Surely, they are oiling the valve caps on the trumpets on Yawkey Way, preparing to publicly proclaim the rebirth of Marlins righthander Josh Beckett as Red Sox ace Josh Beckett. But that proclamation didn't come yesterday, because the Sox are taking full advantage of a 72-hour window permitted by Major League Baseball to inspect the merchandise before completing the deal.
The Sox have requested and hope to receive the 25-year-old Beckett's full medical records today. Those would include two recent MRIs of his right shoulder, reports written by the doctors who evaluated his throwing shoulder, and journals kept by the Marlins' training staff throughout his career documenting each of the blisters on the middle finger on his throwing hand. Six times in four-plus big-league seasons blisters have landed Beckett on the disabled list, though the issue appears less persistent than it was earlier in his young career.
The Sox presumably will take the same diligent approach with Mike Lowell, the other player the club agreed to acquire in a deal that came together Monday night, a deal that when finalized will send prospects Hanley Ramírez, Anibal Sanchez, and Jesus Delgado to Florida. It's possible that the Sox will request an in-person evaluation of Beckett and/or Lowell, though an analysis of medical records, coupled with a phone conversation with each player, could be enough to satisfy the club.
Provided that the players involved check out physically, an announcement of the deal could come as soon as today or as late as Friday, given the Thanksgiving holiday. Beckett, as of yesterday, was hunting near his vacation home on Herradura Ranch, south of San Antonio, where the native Texan makes his primary residence.
Meanwhile, according to two major league sources, the Sox have spoken with the Texas Rangers about trading for first baseman Adrian Gonzalez, the No. 1 overall pick in the 2000 draft. The 23-year-old Gonzalez, who hits lefthanded, split last season between Triple A Oklahoma and Texas. He hit .338 with 18 homers and 65 RBIs in 326 at-bats with Oklahoma, .227 with 6 homers and 17 RBIs in 150 at-bats with Texas.
While the Rangers are believed to be interested in acquiring an outfield prospect, possibly Double A outfielder Brandon Moss, the Sox are likelier to offer up Triple A catcher Kelly Shoppach. Shoppach is a native of Fort Worth.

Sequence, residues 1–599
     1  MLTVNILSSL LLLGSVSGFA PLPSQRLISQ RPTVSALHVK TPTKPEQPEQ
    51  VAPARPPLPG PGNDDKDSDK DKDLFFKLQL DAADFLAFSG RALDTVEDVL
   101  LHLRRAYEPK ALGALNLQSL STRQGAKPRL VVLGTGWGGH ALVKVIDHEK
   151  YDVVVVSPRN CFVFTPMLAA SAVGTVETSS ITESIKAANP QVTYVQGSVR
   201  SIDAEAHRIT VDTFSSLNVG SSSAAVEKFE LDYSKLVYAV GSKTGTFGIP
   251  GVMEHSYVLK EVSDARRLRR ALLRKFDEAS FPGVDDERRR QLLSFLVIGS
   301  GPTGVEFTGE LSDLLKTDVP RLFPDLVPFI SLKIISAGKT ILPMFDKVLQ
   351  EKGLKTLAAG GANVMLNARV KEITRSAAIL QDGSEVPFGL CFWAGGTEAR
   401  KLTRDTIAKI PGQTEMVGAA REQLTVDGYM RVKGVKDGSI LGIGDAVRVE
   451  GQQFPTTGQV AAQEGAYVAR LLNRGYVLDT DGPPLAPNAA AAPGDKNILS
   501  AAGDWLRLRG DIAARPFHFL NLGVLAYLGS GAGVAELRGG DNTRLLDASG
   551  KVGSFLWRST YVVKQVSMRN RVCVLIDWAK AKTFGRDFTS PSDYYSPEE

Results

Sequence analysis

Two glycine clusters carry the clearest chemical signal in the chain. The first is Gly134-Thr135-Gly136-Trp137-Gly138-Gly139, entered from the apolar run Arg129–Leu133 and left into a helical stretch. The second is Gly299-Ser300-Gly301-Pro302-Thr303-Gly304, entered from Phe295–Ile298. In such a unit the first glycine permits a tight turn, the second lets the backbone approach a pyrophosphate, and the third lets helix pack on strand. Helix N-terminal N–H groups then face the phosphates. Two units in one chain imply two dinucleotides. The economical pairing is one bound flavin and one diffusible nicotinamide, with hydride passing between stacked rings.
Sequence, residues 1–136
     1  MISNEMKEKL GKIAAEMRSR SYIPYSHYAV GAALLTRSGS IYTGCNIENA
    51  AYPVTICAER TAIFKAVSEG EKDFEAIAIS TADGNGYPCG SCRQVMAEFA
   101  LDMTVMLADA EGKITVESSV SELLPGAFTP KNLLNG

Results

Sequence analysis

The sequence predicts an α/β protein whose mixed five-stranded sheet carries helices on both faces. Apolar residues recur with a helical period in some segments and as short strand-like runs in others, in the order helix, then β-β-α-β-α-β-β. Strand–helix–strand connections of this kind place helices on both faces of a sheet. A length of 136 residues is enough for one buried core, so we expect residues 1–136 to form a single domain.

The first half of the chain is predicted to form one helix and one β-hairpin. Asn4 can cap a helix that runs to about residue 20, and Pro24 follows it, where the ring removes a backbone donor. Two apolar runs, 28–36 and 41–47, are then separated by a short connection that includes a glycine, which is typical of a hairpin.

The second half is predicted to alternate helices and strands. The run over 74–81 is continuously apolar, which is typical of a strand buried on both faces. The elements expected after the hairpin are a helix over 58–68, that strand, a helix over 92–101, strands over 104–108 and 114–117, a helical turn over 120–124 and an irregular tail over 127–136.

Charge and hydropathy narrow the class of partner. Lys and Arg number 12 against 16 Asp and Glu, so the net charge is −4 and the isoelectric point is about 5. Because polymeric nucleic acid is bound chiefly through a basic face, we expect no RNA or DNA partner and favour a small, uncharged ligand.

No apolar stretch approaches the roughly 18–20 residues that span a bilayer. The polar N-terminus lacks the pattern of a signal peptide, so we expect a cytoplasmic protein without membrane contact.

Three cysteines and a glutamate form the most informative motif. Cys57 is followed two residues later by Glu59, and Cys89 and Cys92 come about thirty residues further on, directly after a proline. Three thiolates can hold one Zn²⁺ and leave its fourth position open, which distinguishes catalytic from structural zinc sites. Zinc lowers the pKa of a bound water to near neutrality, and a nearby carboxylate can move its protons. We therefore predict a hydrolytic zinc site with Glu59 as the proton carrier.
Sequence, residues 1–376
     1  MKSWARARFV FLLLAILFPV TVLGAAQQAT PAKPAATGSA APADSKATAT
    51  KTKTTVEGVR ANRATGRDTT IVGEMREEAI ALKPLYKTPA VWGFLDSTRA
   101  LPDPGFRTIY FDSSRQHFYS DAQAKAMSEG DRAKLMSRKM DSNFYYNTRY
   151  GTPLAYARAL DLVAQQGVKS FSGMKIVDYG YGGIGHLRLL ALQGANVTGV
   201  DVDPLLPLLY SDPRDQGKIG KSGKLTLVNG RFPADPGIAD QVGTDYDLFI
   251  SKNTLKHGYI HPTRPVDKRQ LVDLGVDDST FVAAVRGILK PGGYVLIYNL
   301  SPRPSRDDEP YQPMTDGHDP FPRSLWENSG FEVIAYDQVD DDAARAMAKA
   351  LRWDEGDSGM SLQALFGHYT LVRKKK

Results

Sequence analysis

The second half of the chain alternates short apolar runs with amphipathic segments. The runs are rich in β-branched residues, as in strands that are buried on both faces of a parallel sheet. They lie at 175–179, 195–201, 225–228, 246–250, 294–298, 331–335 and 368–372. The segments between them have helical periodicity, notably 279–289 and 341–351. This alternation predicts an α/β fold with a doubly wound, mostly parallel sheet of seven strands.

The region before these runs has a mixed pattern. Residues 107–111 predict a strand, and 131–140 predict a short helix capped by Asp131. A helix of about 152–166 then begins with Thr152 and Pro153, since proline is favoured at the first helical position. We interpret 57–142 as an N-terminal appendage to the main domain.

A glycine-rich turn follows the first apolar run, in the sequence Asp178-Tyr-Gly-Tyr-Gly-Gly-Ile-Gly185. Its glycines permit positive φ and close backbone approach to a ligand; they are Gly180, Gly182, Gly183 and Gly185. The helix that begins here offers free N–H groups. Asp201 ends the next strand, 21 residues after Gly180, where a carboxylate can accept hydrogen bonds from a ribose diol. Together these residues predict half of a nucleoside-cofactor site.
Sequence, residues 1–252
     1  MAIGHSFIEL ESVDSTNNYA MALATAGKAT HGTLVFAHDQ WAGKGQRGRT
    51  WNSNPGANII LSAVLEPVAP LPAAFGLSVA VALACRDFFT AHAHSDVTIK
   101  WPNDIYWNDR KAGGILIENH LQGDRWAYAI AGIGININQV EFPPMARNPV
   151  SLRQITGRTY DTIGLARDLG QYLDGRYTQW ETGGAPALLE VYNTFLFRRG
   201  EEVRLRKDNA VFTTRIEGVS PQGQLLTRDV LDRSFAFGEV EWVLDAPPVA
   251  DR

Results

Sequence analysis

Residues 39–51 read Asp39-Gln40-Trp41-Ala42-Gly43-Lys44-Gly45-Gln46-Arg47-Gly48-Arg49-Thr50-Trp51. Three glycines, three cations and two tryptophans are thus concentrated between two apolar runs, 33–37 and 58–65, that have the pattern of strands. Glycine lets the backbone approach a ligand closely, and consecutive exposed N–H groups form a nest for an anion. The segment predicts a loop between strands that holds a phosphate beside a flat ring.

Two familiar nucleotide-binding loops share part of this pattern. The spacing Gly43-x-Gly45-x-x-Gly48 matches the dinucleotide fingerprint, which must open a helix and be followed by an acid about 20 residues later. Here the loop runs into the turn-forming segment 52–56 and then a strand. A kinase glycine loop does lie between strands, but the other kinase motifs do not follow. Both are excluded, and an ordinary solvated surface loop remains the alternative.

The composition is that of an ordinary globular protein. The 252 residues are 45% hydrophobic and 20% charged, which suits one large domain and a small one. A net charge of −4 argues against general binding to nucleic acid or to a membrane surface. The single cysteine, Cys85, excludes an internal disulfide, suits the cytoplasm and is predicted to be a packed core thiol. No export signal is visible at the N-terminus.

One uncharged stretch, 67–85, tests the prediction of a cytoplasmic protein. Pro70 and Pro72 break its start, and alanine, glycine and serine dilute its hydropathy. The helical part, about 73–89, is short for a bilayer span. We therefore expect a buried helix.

If the Sox were to acquire Gonzalez, they could go with a first-base platoon of Gonzalez and the righthanded-hitting Kevin Youkilis. Youkilis appeared likely to start at third base in 2006 until the deal for Beckett, which required the Sox to take on Lowell, a Gold Glove winner at third base who is scheduled to make $9 million each of the next two seasons.
''It's a long way to Opening Day," said Joe Bick, Youkilis's agent. ''All Kevin is thinking about is going to spring training and doing everything he can do to convince them that he deserves to be in the lineup on a regular basis somewhere.
''There's no reason for us to panic over this trade. We're not going to. We've had a lot of conversations with the club that started with Theo [Epstein] during the season."
The Sox made no announcements yesterday pertaining to the ongoing search for a general manager, a process that appears to have lost momentum. The club indicated in a Monday statement that it will continue its search but take a brief break for the Thanksgiving holiday.
One name that could surface is Pittsburgh GM Dave Littlefield, a native of Portland, Maine, who attended UMass. Littlefield, who worked for Sox owner John Henry in Florida, has two years remaining on his contract with the Pirates. As of yesterday, Pirates owner Kevin McClatchy said he had not been contacted by the Sox seeking permission to speak with his GM.
Littlefield was in town last night but said he was here strictly to spend the Thanksgiving holiday with his wife's family.
Epstein, meanwhile, has visited the Red Sox offices several times since rejecting a contract extension, most recently Monday. However, it continues to appear unlikely that he'll return to the Sox.
Henry, in an online chat with members of the Sons of Sam Horn, said Monday night that ''[Epstein] is not going to return as our surprise GM in this process."
Two league sources indicated last week that director of baseball operations Peter Woodfork would be leaving the Sox to become assistant GM in Arizona in the coming weeks. And while one league source said Woodfork would not be allowed to leave until the Sox' search for a GM is complete, there were indications last night that Woodfork's departure could be announced today.
A year ago, the Red Sox received the annual financial bonus that befalls a World Series win: lucrative team shares. A full share for members of the 2004 team was valued at $223,620. This year, a full share for members of the team that lost in the Division Series is $17,004.06. The Sox convened in late September to decide how to divvy up shares and, according to a major league release, they voted 57 full shares, 43 partial shares, and 10 cash awards. A full share for members of this year's World Series champion White Sox is worth $324,532.72. The 2005 champs awarded 42 full shares, 6 partial shares, and 22 cash awards.
Gordon Edes of the Globe staff contributed to this report.